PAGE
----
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Nurses Locked Out in Pension Fight

As its nurses hold a one-day strike, Long Beach Memorial Medical Center hires temps to replace the regulars for five days.

October 24, 2002|Richard Marosi and Charles Ornstein | Times Staff Writers

Hundreds of nurses formed picket lines Wednesday around Long Beach Memorial Medical Center as a labor dispute over wages and pensions reached a new and critical phase.

About 200 replacement nurses bused into the hospital at 6 a.m. provided patient care, while the picketers -- some wearing their smocks and caps -- waved signs outside and chanted, "We are the nurses, mighty, mighty nurses."

Union and hospital officials reported no progress in restarting talks that broke down about two weeks ago. Hospital officials responded to the one-day strike with a four-day lockout notice, and said nurses returning to work this morning would be turned away.

Although some picketers called the replacement nurses "slime," the demonstrations were noisy, but peaceful. "It's been calm. Very organized. Very professional," said Terry Starkman, a hospital spokeswoman.

The strike was the largest job action at a California hospital in more than four years, and highlighted the labor strife occurring at some of the largest hospitals in the county.

Local nurses have begun organizing and taking firmer negotiating stances in response to dramatic changes in the health-care industry in the last decade.

The Long Beach dispute, which involves about 1,300 recently unionized nurses, centers on demands for a new pension program, better staffing and pay hikes for veteran nurses.

Hospital officials, meanwhile, said the medical center was operating smoothly Wednesday, with about 500 patients receiving care from nurses from a Colorado-based temporary-staffing firm. About 480 nurses, split to staff 12-hour shifts, have been hired. "All of our units are functioning quite well," said Dr. Gainer Pillsbury, the hospital's medical director.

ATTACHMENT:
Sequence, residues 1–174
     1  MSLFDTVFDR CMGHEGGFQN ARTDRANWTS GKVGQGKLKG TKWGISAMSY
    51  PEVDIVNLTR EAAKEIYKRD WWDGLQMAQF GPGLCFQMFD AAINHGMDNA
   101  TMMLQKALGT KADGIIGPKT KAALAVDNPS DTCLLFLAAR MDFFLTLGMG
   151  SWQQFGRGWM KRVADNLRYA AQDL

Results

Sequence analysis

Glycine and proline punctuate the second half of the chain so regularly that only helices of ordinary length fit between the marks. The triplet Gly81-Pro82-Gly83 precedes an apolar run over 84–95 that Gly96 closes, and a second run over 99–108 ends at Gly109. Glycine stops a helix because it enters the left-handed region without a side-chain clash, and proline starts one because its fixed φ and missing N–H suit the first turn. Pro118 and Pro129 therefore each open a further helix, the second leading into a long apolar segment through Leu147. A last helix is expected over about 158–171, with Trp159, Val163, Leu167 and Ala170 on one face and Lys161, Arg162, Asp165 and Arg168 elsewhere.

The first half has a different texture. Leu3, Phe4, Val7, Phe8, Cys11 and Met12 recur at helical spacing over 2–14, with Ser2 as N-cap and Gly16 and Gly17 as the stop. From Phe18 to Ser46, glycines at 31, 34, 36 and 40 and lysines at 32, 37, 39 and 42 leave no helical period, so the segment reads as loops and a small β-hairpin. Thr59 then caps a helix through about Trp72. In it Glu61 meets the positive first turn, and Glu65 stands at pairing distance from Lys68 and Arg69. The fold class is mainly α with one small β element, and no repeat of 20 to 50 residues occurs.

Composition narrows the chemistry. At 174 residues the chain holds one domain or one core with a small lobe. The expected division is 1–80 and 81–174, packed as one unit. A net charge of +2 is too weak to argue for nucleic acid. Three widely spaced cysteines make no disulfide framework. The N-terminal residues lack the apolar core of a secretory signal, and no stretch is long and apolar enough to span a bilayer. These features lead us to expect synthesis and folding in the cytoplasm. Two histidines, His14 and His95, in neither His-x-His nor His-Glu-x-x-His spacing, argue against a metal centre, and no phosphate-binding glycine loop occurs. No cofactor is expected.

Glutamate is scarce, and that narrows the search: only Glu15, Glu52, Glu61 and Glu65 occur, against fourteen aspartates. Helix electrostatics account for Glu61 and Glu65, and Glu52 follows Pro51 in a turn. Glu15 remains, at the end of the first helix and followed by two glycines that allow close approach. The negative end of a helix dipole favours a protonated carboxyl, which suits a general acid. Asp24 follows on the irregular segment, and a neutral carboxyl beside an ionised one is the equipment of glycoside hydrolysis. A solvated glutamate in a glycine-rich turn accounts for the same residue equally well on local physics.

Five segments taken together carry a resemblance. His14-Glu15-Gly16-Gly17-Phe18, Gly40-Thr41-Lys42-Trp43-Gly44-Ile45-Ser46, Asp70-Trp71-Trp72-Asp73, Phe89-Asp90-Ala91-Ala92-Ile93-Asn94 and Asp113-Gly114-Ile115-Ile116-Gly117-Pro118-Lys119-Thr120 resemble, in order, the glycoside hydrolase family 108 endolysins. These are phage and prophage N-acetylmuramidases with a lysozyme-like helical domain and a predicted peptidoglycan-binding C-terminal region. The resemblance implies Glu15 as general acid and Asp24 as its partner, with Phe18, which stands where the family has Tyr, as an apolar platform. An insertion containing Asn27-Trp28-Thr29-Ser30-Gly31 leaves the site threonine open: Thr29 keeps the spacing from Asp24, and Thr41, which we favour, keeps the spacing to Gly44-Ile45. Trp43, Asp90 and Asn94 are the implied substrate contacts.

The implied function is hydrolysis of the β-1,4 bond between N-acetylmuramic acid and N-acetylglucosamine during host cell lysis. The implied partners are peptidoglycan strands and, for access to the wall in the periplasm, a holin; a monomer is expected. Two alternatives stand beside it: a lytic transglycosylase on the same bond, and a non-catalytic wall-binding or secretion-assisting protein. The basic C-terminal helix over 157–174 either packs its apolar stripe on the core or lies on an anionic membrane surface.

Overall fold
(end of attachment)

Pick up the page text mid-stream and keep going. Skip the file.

Union leaders, however, questioned the quality of care. They kept nurse "task forces" ready in case of emergencies.

"For the hospital to expose the community to questionable care by replacement staff is not a positive scenario," said Charles Idelson, a spokesman for the California Nurses Assn.

The hospital agreed to hire the replacements for a minimum of five days, hence the lockout through Sunday. Union officials said the money could have helped fund a pension program.

The nurses are seeking a pension plan, funded by the hospital, that would guarantee monthly payments after retirement. That differs from the current plan that is funded by employer and employee contributions and functions similarly to a 401(k) retirement plan.

Union leaders say that the hospital's contributions to the current plan can fluctuate depending on revenues and that the plan doesn't provide security.

"For the nurses that have given a lifetime to the hospital of service, we think they deserve a pension," said nurse Margie Keenan, who has worked at Long Beach Memorial for 29 years.

Keenan, a member of the union's negotiating team, said a secure pension plan would go a long way toward reversing a steady departure of nurses from the hospital during their first five years of employment. The California Nurses Assn. says that 47% of the hospital's nurses have less than five years of experience there.

Pillsbury, the medical director, said the hospital has agreed to study the creation of a pension plan, but is not willing to commit to establishing one.

"The financial abilities of those [other hospital] systems to put in place or guarantee defined benefit programs may be different than ours," he said.

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